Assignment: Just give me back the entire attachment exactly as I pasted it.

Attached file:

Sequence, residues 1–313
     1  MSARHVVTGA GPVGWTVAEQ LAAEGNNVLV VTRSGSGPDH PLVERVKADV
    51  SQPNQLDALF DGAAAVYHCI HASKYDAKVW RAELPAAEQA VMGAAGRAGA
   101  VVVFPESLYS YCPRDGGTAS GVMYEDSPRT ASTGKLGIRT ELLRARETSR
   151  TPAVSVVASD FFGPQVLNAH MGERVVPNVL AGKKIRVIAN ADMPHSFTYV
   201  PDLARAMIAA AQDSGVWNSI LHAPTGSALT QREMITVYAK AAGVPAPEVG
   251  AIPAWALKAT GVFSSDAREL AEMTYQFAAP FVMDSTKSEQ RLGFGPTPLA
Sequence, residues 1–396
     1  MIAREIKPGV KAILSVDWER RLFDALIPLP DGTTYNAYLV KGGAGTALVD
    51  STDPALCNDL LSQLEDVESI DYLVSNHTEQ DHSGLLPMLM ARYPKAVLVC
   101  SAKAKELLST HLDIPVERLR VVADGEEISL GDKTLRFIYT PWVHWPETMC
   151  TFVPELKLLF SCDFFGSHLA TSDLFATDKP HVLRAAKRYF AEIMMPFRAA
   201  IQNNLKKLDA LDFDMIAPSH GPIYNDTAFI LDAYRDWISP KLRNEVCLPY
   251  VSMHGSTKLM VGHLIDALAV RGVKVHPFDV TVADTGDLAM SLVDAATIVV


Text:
Sequence, residues 1–313
     1  MSARHVVTGA GPVGWTVAEQ LAAEGNNVLV VTRSGSGPDH PLVERVKADV
    51  SQPNQLDALF DGAAAVYHCI HASKYDAKVW RAELPAAEQA VMGAAGRAGA
   101  VVVFPESLYS YCPRDGGTAS GVMYEDSPRT ASTGKLGIRT ELLRARETSR
   151  TPAVSVVASD FFGPQVLNAH MGERVVPNVL AGKKIRVIAN ADMPHSFTYV
   201  PDLARAMIAA AQDSGVWNSI LHAPTGSALT QREMITVYAK AAGVPAPEVG
   251  AIPAWALKAT GVFSSDAREL AEMTYQFAAP FVMDSTKSEQ RLGFGPTPLA
Sequence, residues 1–396
     1  MIAREIKPGV KAILSVDWER RLFDALIPLP DGTTYNAYLV KGGAGTALVD
    51  STDPALCNDL LSQLEDVESI DYLVSNHTEQ DHSGLLPMLM ARYPKAVLVC
   101  SAKAKELLST HLDIPVERLR VVADGEEISL GDKTLRFIYT PWVHWPETMC
   151  TFVPELKLLF SCDFFGSHLA TSDLFATDKP HVLRAAKRYF AEIMMPFRAA
   201  IQNNLKKLDA LDFDMIAPSH GPIYNDTAFI LDAYRDWISP KLRNEVCLPY
   251  VSMHGSTKLM VGHLIDALAV RGVKVHPFDV TVADTGDLAM SLVDAATIVV